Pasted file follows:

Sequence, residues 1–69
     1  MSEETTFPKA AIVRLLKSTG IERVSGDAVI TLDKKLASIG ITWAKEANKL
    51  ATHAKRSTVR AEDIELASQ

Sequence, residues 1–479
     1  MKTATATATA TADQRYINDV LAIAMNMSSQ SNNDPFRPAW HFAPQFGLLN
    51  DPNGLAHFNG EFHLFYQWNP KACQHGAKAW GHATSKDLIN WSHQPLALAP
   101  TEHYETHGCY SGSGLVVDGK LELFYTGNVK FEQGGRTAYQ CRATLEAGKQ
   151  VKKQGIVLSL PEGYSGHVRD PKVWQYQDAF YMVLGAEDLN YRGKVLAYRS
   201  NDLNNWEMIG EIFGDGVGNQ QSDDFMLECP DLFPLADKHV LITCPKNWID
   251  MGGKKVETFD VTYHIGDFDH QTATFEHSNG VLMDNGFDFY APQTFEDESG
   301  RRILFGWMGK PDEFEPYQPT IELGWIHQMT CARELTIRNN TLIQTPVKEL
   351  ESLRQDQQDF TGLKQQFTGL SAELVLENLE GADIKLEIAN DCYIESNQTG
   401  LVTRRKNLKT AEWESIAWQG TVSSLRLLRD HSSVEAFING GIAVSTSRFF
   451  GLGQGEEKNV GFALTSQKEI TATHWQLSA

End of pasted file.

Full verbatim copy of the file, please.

Sequence, residues 1–69
     1  MSEETTFPKA AIVRLLKSTG IERVSGDAVI TLDKKLASIG ITWAKEANKL
    51  ATHAKRSTVR AEDIELASQ

Sequence, residues 1–479
     1  MKTATATATA TADQRYINDV LAIAMNMSSQ SNNDPFRPAW HFAPQFGLLN
    51  DPNGLAHFNG EFHLFYQWNP KACQHGAKAW GHATSKDLIN WSHQPLALAP
   101  TEHYETHGCY SGSGLVVDGK LELFYTGNVK FEQGGRTAYQ CRATLEAGKQ
   151  VKKQGIVLSL PEGYSGHVRD PKVWQYQDAF YMVLGAEDLN YRGKVLAYRS
   201  NDLNNWEMIG EIFGDGVGNQ QSDDFMLECP DLFPLADKHV LITCPKNWID
   251  MGGKKVETFD VTYHIGDFDH QTATFEHSNG VLMDNGFDFY APQTFEDESG
   301  RRILFGWMGK PDEFEPYQPT IELGWIHQMT CARELTIRNN TLIQTPVKEL
   351  ESLRQDQQDF TGLKQQFTGL SAELVLENLE GADIKLEIAN DCYIESNQTG
   401  LVTRRKNLKT AEWESIAWQG TVSSLRLLRD HSSVEAFING GIAVSTSRFF
   451  GLGQGEEKNV GFALTSQKEI TATHWQLSA